GL 1A authorizes transactions with the Federal Security Service (a.k.a. Federalnaya Sluzhba Bezopasnosti) (a.k.a. FSB) that are necessary and ordinarily incident to requesting, receiving, utilizing, paying for, or dealing in certain licenses and authorizations for the importation, distribution, or use of certain information technology products in the Russian Federation. It also authorizes transactions necessary and ordinarily incident to compliance with rules and regulations administered by, and certain actions or investigations involving, the FSB.

This general license does not authorize U.S. persons to engage in transactions with the FSB except for the limited purposes described above, nor does it authorize the exportation, reexportation, or provision of any goods, technology, or services to the Crimea region of Ukraine.

A prior version of this general license was issued on February 2, 2017 (GL 1). On March 15, 2018, GL 1 was amended and reissued as GL 1A to ensure the scope of activities already authorized with respect to the FSB is not affected by the designation of the FSB under Section 224 of the Countering America’s Adversaries Through Sanctions Act (CAATSA). The changes to GL 1 are limited to adding CAATSA authorities. GL 1A replaces and supersedes GL 1 effective March 15, 2018.

502. What sanctions remain in place on the FSB following the issuance of GL 1A?

GL 1A only authorizes certain transactions with the FSB acting in its administrative and law enforcement capacities. The GL was issued in order to ensure that U.S. persons engaging in certain business activities in Russia that are not otherwise prohibited are not unduly impacted. All other transactions involving any property subject to U.S. jurisdiction or within the possession or control of U.S. persons in which the FSB has an interest, including all other transactions directly or indirectly with the FSB, remain prohibited unless exempt or otherwise authorized by OFAC.

503. Does GL 1A authorize the exportation of hardware or software directly to the FSB, or where the FSB is the end user of such hardware and software?

No. GL 1A does not authorize the export of any goods, technology, or services directly or indirectly to the FSB or any other blocked person or entity, except for the limited purposes of complying with certain rules, regulations, and investigations involving the FSB or requesting certain licenses or authorizations for the importation, distribution, or use of information technology products in the Russian Federation.

504. I understand that travel to Russia involves clearing Russian border control, which is part of the FSB. Do I need a license from OFAC to travel to Russia, or to clear Russian customs?

No, the sanctions on the FSB do not apply to transactions by U.S. persons that are ordinarily incident to travel to or from Russia, including those transactions required to enter into or exit the country (i.e., complying with Russian border control requirements).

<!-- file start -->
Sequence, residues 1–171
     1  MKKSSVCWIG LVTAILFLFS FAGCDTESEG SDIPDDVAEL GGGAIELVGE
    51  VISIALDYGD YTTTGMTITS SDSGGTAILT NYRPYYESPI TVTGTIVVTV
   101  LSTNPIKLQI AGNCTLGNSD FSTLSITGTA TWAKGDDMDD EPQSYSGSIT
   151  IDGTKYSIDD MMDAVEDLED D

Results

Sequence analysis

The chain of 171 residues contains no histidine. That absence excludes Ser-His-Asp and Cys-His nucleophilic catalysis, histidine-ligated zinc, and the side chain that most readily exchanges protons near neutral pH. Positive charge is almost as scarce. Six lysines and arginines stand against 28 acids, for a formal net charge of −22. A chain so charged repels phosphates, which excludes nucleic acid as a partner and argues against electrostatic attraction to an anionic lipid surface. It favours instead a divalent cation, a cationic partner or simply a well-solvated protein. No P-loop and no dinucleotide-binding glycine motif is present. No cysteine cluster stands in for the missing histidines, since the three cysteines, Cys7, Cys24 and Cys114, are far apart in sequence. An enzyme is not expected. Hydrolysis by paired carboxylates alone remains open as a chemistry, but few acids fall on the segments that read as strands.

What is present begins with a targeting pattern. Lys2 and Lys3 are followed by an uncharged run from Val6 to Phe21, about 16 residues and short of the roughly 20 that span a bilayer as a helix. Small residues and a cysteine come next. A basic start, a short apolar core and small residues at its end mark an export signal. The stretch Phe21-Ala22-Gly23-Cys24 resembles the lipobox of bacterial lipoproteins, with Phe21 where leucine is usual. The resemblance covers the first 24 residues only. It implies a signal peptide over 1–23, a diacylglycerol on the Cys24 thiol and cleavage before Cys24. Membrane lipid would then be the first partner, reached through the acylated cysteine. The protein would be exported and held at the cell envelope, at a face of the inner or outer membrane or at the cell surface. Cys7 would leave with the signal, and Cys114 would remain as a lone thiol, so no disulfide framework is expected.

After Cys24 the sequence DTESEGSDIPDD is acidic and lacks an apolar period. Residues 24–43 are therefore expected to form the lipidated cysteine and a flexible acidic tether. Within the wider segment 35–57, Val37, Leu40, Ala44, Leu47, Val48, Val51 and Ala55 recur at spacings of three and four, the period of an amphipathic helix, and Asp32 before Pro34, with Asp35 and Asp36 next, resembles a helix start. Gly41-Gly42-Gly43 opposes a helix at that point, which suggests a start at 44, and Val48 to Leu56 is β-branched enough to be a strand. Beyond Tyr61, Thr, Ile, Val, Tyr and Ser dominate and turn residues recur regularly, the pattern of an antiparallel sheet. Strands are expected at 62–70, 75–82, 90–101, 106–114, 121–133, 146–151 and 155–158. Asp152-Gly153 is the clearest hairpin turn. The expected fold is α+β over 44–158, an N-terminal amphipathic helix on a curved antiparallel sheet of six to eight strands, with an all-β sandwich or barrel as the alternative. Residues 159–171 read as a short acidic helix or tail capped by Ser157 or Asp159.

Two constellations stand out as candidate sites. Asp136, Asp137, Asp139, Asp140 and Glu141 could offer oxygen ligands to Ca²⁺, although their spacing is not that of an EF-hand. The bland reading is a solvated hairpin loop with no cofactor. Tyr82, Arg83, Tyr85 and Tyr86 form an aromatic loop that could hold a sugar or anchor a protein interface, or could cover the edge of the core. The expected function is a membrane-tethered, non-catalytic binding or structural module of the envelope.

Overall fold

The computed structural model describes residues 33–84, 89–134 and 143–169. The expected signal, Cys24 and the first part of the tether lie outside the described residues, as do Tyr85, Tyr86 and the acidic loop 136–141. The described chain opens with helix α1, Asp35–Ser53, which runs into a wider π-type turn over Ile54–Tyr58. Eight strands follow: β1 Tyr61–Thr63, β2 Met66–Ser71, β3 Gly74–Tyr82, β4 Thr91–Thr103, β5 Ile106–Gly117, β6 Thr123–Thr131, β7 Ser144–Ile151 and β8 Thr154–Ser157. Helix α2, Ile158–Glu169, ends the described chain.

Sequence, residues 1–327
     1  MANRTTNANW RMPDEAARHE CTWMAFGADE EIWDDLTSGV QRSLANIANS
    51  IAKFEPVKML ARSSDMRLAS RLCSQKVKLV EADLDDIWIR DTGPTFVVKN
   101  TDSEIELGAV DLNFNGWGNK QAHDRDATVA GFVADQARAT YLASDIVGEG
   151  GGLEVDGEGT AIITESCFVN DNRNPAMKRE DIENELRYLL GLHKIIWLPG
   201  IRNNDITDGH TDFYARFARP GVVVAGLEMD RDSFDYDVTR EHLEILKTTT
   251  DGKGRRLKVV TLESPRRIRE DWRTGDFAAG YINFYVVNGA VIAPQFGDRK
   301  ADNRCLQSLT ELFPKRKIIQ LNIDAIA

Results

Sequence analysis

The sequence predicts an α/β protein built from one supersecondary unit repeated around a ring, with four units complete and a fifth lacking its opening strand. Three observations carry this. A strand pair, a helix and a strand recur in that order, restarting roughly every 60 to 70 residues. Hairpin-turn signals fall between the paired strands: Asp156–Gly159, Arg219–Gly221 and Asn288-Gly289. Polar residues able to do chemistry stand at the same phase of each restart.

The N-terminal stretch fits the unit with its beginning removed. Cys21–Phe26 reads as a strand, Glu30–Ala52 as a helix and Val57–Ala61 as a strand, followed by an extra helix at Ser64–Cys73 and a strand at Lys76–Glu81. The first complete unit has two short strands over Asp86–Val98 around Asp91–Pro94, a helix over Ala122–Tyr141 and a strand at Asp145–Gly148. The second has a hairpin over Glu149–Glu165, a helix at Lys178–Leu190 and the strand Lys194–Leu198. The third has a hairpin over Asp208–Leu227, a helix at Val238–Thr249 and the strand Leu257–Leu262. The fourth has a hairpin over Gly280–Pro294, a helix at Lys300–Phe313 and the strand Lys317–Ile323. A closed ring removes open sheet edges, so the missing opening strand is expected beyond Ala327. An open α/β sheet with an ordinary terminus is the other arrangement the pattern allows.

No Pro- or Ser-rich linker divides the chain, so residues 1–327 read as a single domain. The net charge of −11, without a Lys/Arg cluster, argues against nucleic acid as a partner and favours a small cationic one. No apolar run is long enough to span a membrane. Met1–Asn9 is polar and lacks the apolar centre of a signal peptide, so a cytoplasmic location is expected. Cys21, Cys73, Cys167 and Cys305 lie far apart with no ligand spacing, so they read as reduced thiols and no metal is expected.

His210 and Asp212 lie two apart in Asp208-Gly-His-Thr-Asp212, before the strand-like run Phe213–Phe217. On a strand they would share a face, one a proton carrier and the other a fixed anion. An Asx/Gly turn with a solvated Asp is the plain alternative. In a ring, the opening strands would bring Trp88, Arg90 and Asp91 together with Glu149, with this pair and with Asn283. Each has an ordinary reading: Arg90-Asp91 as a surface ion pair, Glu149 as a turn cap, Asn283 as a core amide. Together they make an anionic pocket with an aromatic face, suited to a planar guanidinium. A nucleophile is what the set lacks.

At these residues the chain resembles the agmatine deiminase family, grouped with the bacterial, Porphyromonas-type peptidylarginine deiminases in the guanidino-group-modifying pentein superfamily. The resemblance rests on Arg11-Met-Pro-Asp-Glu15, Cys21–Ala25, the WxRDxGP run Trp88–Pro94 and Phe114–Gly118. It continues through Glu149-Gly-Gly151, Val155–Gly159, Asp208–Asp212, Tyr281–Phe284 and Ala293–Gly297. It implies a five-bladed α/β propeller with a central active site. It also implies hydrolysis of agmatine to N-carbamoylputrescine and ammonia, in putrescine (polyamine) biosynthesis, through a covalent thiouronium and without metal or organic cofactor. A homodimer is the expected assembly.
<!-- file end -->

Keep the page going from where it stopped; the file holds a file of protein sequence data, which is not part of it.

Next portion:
646. How do I block digital currency?

Once it has been determined that your institution is holding digital currency that is required to be blocked pursuant to OFAC’s regulations, you must ensure that access to that digital currency is denied to the blocked person and that your institution complies with OFAC regulations related to blocked assets. Institutions may choose, for example, to block each digital currency wallet associated with the digital currency addresses that OFAC has identified as being associated with blocked persons, or opt to use its own wallet to consolidate wallets that contain the blocked digital currency (similar to an omnibus account) titled, for example, “Blocked SDN Digital Currency.” Each of these methods is satisfactory, so long as there is an audit trail that will allow the digital currency to be unblocked only when the legal prohibition requiring the blocking of the digital currency ceases to apply. The institution is not obligated to convert the blocked digital currency into traditional fiat currency (e.g., U.S. dollars). Blocked digital currency must be reported to OFAC within 10 business days. Questions about whether a transaction should be blocked should be directed to OFAC at 202-622-2490 or ofac_feedback@treasury.gov.

647. Should an institution tell its customer that it blocked access to their digital currency and, if so, how does the institution explain it to the customer?

An institution may notify its customer that it has blocked digital currency pursuant to OFAC regulations. The customer has the right to apply for the unblocking and release of the digital currency.

To apply online to have the virtual currency released, please go to OFAC’s online application page.